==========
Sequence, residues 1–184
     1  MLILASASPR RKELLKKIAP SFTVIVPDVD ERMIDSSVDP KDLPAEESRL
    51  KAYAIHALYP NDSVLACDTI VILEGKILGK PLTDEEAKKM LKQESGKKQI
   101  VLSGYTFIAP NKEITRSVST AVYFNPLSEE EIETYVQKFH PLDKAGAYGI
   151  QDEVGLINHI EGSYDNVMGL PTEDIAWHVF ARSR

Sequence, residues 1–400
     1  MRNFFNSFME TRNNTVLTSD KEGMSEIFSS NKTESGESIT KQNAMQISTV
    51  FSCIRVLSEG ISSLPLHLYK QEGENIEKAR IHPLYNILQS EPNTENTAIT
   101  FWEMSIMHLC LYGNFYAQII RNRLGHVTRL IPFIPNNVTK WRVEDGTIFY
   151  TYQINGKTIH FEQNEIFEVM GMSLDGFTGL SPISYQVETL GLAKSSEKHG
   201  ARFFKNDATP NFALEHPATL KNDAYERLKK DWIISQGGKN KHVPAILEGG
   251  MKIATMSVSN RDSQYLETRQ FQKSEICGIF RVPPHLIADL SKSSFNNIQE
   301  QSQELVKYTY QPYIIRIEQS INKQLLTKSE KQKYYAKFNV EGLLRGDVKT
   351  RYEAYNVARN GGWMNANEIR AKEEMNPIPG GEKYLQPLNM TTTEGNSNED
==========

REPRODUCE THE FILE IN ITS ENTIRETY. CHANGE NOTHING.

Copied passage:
Sequence, residues 1–184
     1  MLILASASPR RKELLKKIAP SFTVIVPDVD ERMIDSSVDP KDLPAEESRL
    51  KAYAIHALYP NDSVLACDTI VILEGKILGK PLTDEEAKKM LKQESGKKQI
   101  VLSGYTFIAP NKEITRSVST AVYFNPLSEE EIETYVQKFH PLDKAGAYGI
   151  QDEVGLINHI EGSYDNVMGL PTEDIAWHVF ARSR

Sequence, residues 1–400
     1  MRNFFNSFME TRNNTVLTSD KEGMSEIFSS NKTESGESIT KQNAMQISTV
    51  FSCIRVLSEG ISSLPLHLYK QEGENIEKAR IHPLYNILQS EPNTENTAIT
   101  FWEMSIMHLC LYGNFYAQII RNRLGHVTRL IPFIPNNVTK WRVEDGTIFY
   151  TYQINGKTIH FEQNEIFEVM GMSLDGFTGL SPISYQVETL GLAKSSEKHG
   201  ARFFKNDATP NFALEHPATL KNDAYERLKK DWIISQGGKN KHVPAILEGG
   251  MKIATMSVSN RDSQYLETRQ FQKSEICGIF RVPPHLIADL SKSSFNNIQE
   301  QSQELVKYTY QPYIIRIEQS INKQLLTKSE KQKYYAKFNV EGLLRGDVKT
   351  RYEAYNVARN GGWMNANEIR AKEEMNPIPG GEKYLQPLNM TTTEGNSNED